The latest update for this article is written by Lindsay Podolak.
Anyone who’s ever tried out a new diet knows the struggle. It can be tough tracking down healthy recipes and cutting out your go-to snacks. But, there’s nothing worse than making an effort (and avoiding your favorite dish) for nothing. Due to widespread misinformation and certain marketing techniques, some foods have a bad reputation that they haven’t earned. These are the foods that have been labeled as bad, but are really good for us.
It turns out that the fat in butter is actually good for us. It helps the bloodstream absorb vitamins (like A, D, E and K) and is rich in fatty acids which can help with metabolism maintenance. There’s also research proving that grass-fed butter is even better than regular butter. It contains five times more CLA than regular butter, is higher in Omega-3 fatty acids and is a healthier choice as it avoids all the hormones that might be in the corn fed to cows.
Full Fat Yogurt
Studies have shown that eating yogurt has been linked to having healthy blood pressure and cholesterol levels. Full fat yogurt is very heart healthy and contains protein — and probiotics, which aid in digestion. Greek yogurt, in particular, is lower in sugar than traditional yogurt, yet possesses all of the same benefits, such as improving bone health, lowering blood pressure and reducing the risk of type 2 diabetes.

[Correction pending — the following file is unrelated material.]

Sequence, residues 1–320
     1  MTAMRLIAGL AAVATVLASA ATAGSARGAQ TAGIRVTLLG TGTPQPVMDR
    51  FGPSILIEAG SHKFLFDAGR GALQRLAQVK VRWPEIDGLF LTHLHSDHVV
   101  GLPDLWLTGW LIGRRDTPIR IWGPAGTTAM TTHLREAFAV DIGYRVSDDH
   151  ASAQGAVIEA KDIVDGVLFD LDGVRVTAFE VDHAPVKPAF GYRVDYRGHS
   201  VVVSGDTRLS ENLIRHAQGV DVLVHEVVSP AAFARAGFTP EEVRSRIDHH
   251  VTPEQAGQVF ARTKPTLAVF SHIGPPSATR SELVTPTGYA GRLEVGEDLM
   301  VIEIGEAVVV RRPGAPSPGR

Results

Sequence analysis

In the past, eggs were dismissed as fatty, unhealthy indulgences. However, current research has shown that eggs are, in fact, good for us. They can raise HDL cholesterol and are full of healthy nutrients like folate, riboflavin and vitamins D and B12, which actually help to lower the risk of heart disease.
Let’s clarify. The good popcorn is not microwavable and it can’t be found in any movie theater. We’re talking no-nonsense air-popped popcorn made from whole grains. It’s low calorie and full of fiber which is filling, satisfying and heart healthy. If you must eat the microwaveable variety, however, choose those available in single serving bags that contain less than 230 milligrams of sodium and 1 gram of saturated fat per serving.
The experts have spoken! The Mediterranean Diet is the top diet to follow in 2019. One thing on the Mediterranean menu? Cheese, in moderation. A diet containing a mix of low and full-fat dairy from cheese will not only help metabolic health, it can help to steady blood sugar and lower blood pressure, reducing the risk of metabolic disease and type 2 diabetes.
Have you heard of Meatless Monday? It’s an entire movement based around the thinking that meat is bad for you. But maybe that isn’t always the case, depending on the type of red meat that you choose. A 2018 Purdue University study found that eating lean, unprocessed cuts of red meat can actually help with weight loss and heart disease prevention when it’s part of a diet that is also rich in fruits, veggies and whole grains.
Dark chocolate is the ultimate indulgence and it’s good for you, too. It’s rich in flavonoids — the same heart-healthy compounds found in dark veggies, red wine and green tea. It helps to lower bad cholesterol and reduces the risk of blood clots. Opt for bars that are at least 70-percent cacao to ensure you are getting more antioxidants and less of the additives.
Ketchup is made from cooked tomatoes. Tomatoes are full of lycopene, an antioxidant that can help reduce your risk of heart disease. So, eat ketchup. Just keep it to a tablespoon or so per serving so you aren’t tacking on extra salt or sugar. Better yet, opt for organic varieties that use better tomatoes and look for brands with low or no sodium or added salt, as well as no added sugar.
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